A Chapter 13 bankruptcy lets you reorganize secured debts such as car or house payments and some unsecured debts. It lets you repay some creditors at a lower rate and some for a longer period of time or a lower interest rate. The plans usually last from three to five years, but there are a lot of factors that can change the length of time.

When a Chapter 13 bankruptcy payment plan is created, you stop paying your creditors. Instead, sending monthly payments to the trustee who is responsible for administering your bankruptcy. The length of the plan will be determined by several different things, with one of the most important being the average monthly income in your state. Your income will be compared to that number to determine whether a three-year plan or a five-year plan is more appropriate for you. If you earn more than the state median income you will probably have to file for a five-year plan, even if you can go shorter.  The longer your plan, the lower your monthly payment will be,

When you file for Chapter 13, you will have to attend a First Meeting of Creditors where you attest to all of your documents being right and a confirmation hearing. These are designed to present your plan and see if all of those who you owe money to agree to what you are proposing. If none of your creditors object, the process of setting up and getting your plan confirmed usually takes three or four months, and then the actual three- or five-year bankruptcy plan begins, though most people start making payments before the confirmation hearing is held.  If you want to and are able to, you can usually pay off your bankruptcy plan early. If, however, you experience a change in circumstances that makes your sticking to the payment plan a challenge, you can request a modification by filing for a remedy. Typical reasons that are considered valid include losing your job, having another child, or getting divorced. You can also file for a modification if your circumstances improve through a raise or a new job that allows you to pay faster. Once you’ve paid off your repayment plan, all of your debts are discharged.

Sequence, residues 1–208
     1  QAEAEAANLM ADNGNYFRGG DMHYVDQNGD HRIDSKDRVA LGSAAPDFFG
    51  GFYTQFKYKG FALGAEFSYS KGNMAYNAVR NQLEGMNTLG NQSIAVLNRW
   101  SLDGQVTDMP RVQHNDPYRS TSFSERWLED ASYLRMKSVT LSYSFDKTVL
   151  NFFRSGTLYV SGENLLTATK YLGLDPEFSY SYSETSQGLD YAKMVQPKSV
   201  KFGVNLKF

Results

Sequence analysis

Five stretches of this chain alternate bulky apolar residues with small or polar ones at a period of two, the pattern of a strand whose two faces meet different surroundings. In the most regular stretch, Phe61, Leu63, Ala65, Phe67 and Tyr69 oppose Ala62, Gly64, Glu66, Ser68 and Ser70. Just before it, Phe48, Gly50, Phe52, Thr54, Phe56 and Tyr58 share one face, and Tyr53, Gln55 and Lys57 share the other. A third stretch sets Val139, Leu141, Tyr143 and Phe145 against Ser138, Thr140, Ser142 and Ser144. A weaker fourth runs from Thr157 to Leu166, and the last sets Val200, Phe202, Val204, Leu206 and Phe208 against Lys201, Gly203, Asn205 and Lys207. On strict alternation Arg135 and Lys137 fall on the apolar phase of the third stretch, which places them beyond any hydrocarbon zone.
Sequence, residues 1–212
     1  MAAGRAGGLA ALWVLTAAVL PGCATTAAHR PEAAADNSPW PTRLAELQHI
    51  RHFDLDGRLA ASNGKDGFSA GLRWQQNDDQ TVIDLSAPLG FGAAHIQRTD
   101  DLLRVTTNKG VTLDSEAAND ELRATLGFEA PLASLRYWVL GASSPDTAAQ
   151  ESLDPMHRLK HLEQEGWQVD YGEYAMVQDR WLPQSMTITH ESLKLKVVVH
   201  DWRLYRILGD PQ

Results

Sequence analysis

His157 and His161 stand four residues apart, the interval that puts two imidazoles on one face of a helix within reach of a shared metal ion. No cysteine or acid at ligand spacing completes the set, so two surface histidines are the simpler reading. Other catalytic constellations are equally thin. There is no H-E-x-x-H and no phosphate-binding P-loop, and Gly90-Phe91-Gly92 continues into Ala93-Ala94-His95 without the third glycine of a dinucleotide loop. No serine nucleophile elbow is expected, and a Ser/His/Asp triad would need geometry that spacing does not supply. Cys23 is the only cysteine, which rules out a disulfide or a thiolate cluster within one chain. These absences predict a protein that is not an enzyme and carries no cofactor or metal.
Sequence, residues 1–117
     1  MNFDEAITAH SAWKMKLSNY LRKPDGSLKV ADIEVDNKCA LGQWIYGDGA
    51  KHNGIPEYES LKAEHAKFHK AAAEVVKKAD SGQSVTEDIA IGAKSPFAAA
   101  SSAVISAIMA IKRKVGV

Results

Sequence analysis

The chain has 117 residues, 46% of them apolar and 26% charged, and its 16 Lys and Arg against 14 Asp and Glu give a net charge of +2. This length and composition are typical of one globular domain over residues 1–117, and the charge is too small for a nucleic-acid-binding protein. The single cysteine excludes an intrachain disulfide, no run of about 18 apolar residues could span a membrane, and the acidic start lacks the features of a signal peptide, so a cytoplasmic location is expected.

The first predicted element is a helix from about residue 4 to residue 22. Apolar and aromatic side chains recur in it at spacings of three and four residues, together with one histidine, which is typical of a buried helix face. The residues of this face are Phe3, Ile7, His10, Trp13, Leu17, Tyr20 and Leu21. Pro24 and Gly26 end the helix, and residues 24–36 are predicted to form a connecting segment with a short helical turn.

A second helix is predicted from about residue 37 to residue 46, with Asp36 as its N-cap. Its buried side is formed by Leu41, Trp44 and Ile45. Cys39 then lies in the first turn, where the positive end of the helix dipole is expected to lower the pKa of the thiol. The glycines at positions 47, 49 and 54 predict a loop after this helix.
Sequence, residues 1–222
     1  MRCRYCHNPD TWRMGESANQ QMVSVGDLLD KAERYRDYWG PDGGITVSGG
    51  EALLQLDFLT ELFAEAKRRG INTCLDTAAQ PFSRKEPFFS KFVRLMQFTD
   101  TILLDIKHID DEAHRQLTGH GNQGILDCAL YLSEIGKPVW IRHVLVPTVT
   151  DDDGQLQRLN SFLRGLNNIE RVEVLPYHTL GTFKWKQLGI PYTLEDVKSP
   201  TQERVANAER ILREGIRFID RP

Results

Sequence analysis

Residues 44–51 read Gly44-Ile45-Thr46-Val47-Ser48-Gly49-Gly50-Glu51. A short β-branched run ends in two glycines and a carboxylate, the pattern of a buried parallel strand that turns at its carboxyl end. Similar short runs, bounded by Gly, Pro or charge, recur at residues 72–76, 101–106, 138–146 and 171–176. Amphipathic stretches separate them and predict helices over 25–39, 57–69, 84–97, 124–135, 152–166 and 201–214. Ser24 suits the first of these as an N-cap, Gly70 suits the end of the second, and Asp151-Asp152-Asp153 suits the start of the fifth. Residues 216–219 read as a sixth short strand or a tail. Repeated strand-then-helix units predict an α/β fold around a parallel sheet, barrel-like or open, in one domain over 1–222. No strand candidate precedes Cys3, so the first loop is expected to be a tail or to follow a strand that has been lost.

Filing for Chapter 13 bankruptcy is a good way to regroup and get a fresh start when your debts have gotten out of control. For more information on whether it is right for you, contact our experienced attorneys today.

 

 

 

 

 

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